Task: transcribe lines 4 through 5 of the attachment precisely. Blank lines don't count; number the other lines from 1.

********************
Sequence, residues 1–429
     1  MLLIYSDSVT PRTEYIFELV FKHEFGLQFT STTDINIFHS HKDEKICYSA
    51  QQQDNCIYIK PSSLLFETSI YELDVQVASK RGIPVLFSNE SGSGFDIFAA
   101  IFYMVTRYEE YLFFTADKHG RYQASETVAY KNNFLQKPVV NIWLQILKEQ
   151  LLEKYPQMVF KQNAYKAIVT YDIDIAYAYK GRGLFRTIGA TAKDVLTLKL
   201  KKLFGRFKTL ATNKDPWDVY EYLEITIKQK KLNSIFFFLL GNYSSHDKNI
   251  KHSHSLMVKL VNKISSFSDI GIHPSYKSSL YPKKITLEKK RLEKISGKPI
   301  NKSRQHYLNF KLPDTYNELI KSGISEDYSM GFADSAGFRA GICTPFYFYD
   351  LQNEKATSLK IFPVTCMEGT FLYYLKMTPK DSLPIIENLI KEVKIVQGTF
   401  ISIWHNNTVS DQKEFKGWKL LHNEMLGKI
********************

   101  IFYMVTRYEE YLFFTADKHG RYQASETVAY KNNFLQKPVV NIWLQILKEQ
   151  LLEKYPQMVF KQNAYKAIVT YDIDIAYAYK GRGLFRTIGA TAKDVLTLKL